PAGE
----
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Citing Conflict of Interest, Gynecologist Steps Down from FDA Morcellator Panel

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In April 2014, the FDA warned physicians and the public about the potential cancer risk when using power morcellators in uterine fibroid surgery. In July 2014, the administration convened an advisory panel to hear arguments for and against the use of power morcellators from scientists, doctors, and patients.

Some asserted that the surgical devices should be banned because they can spread cancerous tissues about the body, resulting in a serious, advanced cancer diagnosis in some women. Others advised a more tempered approach that would include research on how to use power morcellators more safely, since they do provide many women with the choice to go through less invasive surgery.

According to a recent report in the Wall Street Journal, a physician member of that advisory panel stepped down prior to the meeting amidst concerns of conflict of interest.

Gynecologist Steps Down from FDA Advisory Panel

Dr. Andrew Brill, a gynecologist from San Francisco, was scheduled to be on the 16-member FDA advisory panel in July. The agency reviewed the panel beforehand, however, and discovered that Brill had received nearly $100,000 in consulting fees from power morcellator manufacturer Johnson & Johnson and their subsidiary, Ethicon. (J&J has recently implemented a global recall of all of their power morcellator devices.)

Considering the conflict of interest, Brill stepped down from the panel before the hearings began. An FDA spokeswoman told the Wall Street Journal, “During the course of the agency’s review and in consultation with Dr. Andrew Brill, it was determined that the financial information he disclosed was just above the threshold established for panel members to participate in one of our meetings.” The FDA generally disqualifies those with conflicted financial interests over $50,000.

Two Doctors With Ties to J&J Remain on Panel

According to J&J’s website, two other gynecologists have received funds from the company related to power morcellators. Michael P. Diamond, a gynecologist from Georgia, was a previous consultant for Ethicon and received a grant from them. (The amount was undisclosed.)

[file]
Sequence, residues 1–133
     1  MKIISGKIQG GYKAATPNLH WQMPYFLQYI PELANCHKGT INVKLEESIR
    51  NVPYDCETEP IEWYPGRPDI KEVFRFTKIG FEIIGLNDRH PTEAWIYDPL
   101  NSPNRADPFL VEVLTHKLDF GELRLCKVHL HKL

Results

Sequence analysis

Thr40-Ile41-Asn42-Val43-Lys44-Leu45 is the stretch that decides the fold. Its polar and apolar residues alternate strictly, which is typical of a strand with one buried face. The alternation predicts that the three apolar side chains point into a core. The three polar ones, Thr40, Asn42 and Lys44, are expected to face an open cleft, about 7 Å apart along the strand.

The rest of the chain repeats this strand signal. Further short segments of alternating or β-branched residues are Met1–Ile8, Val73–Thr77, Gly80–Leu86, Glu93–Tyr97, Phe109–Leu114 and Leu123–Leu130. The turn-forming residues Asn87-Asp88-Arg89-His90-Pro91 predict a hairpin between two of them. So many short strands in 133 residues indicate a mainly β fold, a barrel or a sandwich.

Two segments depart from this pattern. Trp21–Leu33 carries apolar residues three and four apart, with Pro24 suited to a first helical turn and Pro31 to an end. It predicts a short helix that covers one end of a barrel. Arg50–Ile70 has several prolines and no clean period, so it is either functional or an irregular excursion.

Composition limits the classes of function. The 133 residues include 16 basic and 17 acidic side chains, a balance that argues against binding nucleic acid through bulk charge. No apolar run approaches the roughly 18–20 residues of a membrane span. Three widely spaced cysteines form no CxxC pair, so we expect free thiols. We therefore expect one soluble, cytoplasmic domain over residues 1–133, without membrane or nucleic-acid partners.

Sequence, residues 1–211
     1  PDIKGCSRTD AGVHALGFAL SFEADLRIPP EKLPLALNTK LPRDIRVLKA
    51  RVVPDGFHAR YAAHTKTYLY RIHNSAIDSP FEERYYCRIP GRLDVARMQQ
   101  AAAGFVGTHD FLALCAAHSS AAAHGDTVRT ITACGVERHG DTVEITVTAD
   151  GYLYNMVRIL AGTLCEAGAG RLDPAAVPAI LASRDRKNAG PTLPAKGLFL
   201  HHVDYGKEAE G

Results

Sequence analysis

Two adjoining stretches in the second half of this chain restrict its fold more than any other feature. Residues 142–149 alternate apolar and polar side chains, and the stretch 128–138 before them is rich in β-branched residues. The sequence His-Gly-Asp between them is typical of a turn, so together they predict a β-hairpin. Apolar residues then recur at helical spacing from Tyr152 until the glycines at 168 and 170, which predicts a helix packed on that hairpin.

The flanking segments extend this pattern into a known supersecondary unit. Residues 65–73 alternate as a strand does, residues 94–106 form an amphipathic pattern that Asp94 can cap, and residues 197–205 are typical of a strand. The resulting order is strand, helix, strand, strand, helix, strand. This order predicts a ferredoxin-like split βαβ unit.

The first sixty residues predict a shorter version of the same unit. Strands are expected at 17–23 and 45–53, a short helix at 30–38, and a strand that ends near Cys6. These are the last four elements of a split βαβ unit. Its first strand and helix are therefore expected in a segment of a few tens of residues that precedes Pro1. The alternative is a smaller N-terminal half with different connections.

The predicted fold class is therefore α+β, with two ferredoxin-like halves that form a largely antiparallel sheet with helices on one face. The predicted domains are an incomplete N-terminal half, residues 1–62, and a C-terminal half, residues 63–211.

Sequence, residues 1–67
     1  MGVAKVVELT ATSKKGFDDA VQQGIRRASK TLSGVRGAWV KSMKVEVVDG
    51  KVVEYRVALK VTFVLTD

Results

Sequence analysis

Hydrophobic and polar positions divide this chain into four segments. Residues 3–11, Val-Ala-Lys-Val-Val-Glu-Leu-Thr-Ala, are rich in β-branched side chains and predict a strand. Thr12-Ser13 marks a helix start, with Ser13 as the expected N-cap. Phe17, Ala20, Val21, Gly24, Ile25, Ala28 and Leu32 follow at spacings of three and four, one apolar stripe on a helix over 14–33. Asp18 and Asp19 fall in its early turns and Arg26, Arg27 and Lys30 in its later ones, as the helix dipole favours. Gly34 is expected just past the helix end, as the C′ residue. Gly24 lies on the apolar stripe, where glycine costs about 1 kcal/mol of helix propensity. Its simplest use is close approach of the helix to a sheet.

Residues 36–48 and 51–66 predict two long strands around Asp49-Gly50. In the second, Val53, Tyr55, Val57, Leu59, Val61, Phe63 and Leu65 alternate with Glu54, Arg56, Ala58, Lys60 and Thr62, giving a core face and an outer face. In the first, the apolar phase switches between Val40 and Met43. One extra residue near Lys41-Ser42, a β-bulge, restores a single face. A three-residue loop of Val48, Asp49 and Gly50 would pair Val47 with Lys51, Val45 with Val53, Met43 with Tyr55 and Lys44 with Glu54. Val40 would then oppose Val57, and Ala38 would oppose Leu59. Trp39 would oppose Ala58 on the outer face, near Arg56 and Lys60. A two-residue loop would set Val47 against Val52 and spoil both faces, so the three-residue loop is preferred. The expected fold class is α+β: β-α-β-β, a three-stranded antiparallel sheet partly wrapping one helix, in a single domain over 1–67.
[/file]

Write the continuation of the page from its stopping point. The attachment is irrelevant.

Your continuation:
Keith Isaacson, a gynecologist from Boston, was a professional education consultant for Ethicon and received $12,000 in fees. Both of these doctors were allowed to remain on the FDA panel.

Women At Risk of Serious Cancer Diagnoses

After the FDA advisory panel meeting, there was no clear consensus on what should be done with power morcellators. The only thing the panel seemed to agree on was that a black box warning on the devices would be appropriate. There was no agreement on whether to recall the devices. The FDA has yet to take any action based on the arguments heard at the hearings.

About one in 350 women who go through power morcellator surgery for uterine fibroid problems will end up with a serious cancer diagnosis. The morcellator cuts up larger tissues for removal through smaller incisions. Surgery with the device is less invasive and allows for smaller incisions, less blood loss, reduced risk of scarring, and faster recovery. For those women with cancerous tissues in the fibroids, however, the risk of an advanced stage cancer is serious. The morcellator, when it cuts up the tissues, can send cancerous cells to other parts of the body where they may re-seed other tumors.

Doctors opposed to an outright ban of the devices noted that they allow thousands of women to enjoy a less invasive procedure every year. They encouraged additional studies to find the safest way to use the morcellators while reducing the cancer risk. Meanwhile, those women who developed post-surgical cancers and weren’t warned of the risks prior to surgery may be eligible to file lawsuits against the manufacturers.